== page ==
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MSS.). 1. AsnciTANA Colonia Acoi-sta FmXA (Ecija), ww, under the Romans, one of the chief cities of Hispania Baetica, and the seat of a ammUue jttridicus. It stood in the plain of the Borti", scene distance S. of the river, on its tributary the Singulis (Genii), which began here to be navigable. It was at the junction of the roads from Grdnba (Cordova) and Emcrita (Merida) to Hispolis (Seville), at the respective distances of 36 M. P., 105 M. P., and 58 If. P. (/fin. A nt. pp. 413, 414; Hah, ii. 6. § 4; Plin. iii. 1. s. 3; Florcz, Esp.S. x. p. 72.)

2. Astigi Vetits (Alameda), a free city of Hisp:ni:i Baetica, N. of Antiqnaria (Antequera), bcloceing to the Conventus Astigitanus [see No. 1], (Pun. Hi. 1. s. 3; Florez, Esp. S. x. p. 74.)

3. JlLrCTSES. [aktigi.] [P. S.] ASTKAEUM (Liv. xl. 24; 'Atrrpaia, Steph. B.

«.r.; MtTTpaiov, Ptol. iii. 13. § 27), a town of Paeonia in Macedonia, which Leake identifies witli Stnaoitza. Aclian (//. An. xv. 1) speaks of a river A?traens, flowing between Thessalonica and Berrhoea, which Leake supposes to be the same as the Vistritza. Tafel, however, conjectures that Astraeus in Aelian is a false reading for Axius. (Leake, S'ortkern Greece, vol. iii. pp. 293, 466, seq.; Tafel, Tiettaloniea, p. 312, seq.)

ASTRUM("AoTpoi': Astro). 1. AtowninCynuria Cd the coast, and the first town in Argolis towards the frontiers of Laconia. It is mentioned by Ptolemy alone (iii. 16. § 11), but is conjectured by Leake to have been the maritime fortress in the bedding of which the Aeginetae were interrupted by the Athenians in the eighth year of the Peloponne»in war. (Thuc. iv. 57.) The place was situated on a promontory, which retains its ancient name. Here there are still considerable remains of an ancient watt. (Leake, Morea, vol. ii. p. 484, seq.; Ross, PelopoOnes, p. 162.)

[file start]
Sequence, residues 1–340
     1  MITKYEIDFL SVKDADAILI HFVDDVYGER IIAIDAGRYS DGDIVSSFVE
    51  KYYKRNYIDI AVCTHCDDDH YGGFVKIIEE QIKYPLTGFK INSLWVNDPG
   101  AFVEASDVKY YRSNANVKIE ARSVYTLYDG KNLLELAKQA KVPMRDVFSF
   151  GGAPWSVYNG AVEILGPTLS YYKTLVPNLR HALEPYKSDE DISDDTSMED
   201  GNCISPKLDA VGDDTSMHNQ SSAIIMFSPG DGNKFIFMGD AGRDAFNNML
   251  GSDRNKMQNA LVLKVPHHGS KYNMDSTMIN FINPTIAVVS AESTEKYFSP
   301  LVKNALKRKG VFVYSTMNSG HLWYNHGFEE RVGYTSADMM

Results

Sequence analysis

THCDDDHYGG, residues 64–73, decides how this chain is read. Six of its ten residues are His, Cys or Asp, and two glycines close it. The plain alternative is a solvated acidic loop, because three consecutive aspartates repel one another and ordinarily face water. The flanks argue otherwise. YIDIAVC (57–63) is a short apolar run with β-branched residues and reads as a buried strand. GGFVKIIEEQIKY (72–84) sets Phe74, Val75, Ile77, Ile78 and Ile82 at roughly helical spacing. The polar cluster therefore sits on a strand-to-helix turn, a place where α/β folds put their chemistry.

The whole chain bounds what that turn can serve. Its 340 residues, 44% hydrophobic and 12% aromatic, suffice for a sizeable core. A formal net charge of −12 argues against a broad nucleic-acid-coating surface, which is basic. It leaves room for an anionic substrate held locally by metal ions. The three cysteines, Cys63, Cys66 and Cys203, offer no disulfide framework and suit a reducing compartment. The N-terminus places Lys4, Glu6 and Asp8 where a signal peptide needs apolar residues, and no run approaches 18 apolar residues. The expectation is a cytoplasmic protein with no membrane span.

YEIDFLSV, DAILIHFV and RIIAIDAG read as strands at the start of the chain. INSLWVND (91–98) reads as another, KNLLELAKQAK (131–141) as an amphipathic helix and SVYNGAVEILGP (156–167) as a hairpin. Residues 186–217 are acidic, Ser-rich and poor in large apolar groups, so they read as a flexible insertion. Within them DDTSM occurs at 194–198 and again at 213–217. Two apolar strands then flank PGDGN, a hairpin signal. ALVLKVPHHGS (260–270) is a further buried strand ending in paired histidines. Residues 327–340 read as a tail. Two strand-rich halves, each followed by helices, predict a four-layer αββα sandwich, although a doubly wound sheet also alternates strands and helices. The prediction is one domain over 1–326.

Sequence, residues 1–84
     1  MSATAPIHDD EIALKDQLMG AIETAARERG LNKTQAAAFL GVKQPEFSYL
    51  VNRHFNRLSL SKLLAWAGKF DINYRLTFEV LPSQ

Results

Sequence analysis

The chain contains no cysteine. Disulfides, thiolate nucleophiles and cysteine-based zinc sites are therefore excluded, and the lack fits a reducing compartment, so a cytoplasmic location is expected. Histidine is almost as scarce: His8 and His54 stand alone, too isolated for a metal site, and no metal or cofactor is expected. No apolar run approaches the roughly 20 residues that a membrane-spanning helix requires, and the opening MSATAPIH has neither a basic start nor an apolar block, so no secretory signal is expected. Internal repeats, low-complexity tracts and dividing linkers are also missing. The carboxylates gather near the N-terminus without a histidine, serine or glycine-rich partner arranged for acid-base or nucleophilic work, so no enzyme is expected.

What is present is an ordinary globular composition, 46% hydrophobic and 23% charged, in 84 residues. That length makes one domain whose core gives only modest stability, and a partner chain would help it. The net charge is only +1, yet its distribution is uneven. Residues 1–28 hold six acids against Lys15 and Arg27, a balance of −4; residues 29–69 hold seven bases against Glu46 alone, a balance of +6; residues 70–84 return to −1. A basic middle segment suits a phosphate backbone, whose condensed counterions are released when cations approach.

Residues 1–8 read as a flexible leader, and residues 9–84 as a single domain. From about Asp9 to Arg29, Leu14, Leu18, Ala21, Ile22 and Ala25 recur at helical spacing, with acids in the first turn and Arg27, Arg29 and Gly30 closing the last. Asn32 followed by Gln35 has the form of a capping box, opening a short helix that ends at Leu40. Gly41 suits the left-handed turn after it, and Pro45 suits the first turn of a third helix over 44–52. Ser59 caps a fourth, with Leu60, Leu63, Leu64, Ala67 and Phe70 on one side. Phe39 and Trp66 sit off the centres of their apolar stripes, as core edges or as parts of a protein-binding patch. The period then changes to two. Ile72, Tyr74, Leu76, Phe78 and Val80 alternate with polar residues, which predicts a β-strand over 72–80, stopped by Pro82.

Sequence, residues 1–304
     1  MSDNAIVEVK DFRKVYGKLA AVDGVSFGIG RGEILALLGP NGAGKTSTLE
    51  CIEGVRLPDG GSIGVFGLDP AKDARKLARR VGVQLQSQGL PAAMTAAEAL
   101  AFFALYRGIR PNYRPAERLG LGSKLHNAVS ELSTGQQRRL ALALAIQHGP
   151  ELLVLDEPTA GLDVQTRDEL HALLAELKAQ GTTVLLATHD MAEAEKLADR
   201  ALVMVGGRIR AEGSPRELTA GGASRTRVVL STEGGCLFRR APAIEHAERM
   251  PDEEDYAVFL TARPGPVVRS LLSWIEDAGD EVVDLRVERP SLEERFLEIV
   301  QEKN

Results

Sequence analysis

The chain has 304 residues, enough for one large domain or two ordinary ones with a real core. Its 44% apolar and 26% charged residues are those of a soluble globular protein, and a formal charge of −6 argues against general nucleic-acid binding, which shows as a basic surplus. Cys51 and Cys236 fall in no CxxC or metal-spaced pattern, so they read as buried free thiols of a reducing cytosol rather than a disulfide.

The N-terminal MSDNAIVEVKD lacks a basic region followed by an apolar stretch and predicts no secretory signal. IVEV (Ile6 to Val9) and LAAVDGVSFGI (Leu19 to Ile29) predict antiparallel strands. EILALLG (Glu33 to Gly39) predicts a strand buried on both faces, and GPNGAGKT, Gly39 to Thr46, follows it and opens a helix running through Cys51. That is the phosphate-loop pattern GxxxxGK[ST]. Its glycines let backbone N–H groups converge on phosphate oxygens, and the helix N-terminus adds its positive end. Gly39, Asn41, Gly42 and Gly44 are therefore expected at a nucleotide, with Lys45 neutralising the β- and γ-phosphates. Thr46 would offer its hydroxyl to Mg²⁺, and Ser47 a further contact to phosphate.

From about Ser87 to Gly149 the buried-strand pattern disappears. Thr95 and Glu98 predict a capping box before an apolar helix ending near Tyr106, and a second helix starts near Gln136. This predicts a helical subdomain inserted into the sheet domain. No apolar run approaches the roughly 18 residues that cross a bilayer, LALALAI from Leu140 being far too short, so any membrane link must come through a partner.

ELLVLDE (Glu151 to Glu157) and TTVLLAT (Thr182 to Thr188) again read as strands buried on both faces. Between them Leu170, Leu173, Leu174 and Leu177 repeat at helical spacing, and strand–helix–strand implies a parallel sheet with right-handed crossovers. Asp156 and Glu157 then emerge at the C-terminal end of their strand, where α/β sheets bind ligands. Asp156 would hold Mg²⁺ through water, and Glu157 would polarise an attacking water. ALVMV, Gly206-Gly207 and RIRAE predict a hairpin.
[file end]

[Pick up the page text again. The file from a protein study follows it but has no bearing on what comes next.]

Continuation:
A'STURA("A<rrii()o). 1. A small islet on the coast of Lad am, between Antium and Circeii, at the mouth of a river of the same name, which rises at the so<£bem foot of the Alban hills, and has a course of about 20 miles to the sea. It is called Storas ( Zropm) by Strabo, who tells us that it had a place of aachonce at its mouth (v. p. 232). It was on the banks of this obscure stream that was fought, in E. C.-338, the last great battle between the Romans and the Latins, in which the consul G. Maenius totally defeated the combined forces of Antium, Lanuvioai, Alicia and Velitrae. (Liv. viii. 13.) At a much later period the little island at its mouth, and the whole adjacent coast, became occupied with Roman villas; among which the most celebrated is that of Cicero, to which he repeatedly alludes in his letters, and which ho describes as "locus amoenus et in man ipso," commanding a view both of Antium and Circeii (ad Att. xii. 19, 40, ad Fam. vi. 19). It was from thence that, on learning his proscription by the triumvirs, he embarked, with the intention of escaping to join Brutus in Macedonia; a resolution which he afterwards unfortunately abandoned. (Pint. Cic 47.) We learn from Suetonius also that Astura wa« the occasional resort both of Augustus and Tiberius (Suet. Aug. 97, Tib. 72), and existing remains prove that many of the Roman nobility must have had villas there. (See Nibby, Dintorni di Roma, voL L pp. 267—277.) Bnt it does not appear that there ever was a town of the name, as asserted by Servhu (ad Aen. vii. 801). The island was at some time or other joined to the mainland by a bridge or

causeway, and it thus became, as it now remains, a peninsula projecting into the sea. It is surmounted by a fortified tower, called the Torre di Astura, a picturesque object, conspicuous both from Antium and the Circeian headland, and the only one which breaks the monotony of the low and sandy coast between them. The Tab. Peut. reckons Astura 7 miles from Antium, which is rather less than the truo distance.

There is no doubt that the Storas of Strabo is the same with the Astura, which Festus also tells us was often called Stura (p. 317, ed. MUU.); bnt there is no ground for supposing the " Saturae palus" of Virgil (.den. vii. 801) to refer to the same locality. [E. H. B.]

2. (Ezla or Estola), a river of Hispania Tarraconensis, in the NW., which, rising in the mountains of the Cantabri, the prolongation of the Pyrenees, flows S. through the country of the Astukes; and, after receiving several other rivers that drain the great plain of Leon, it falls into the Durius (Douro) on its N. side. (Floras, iv. 12; Oros. vi. 21; Isidor. Etym. ix. 2.) [P. S.]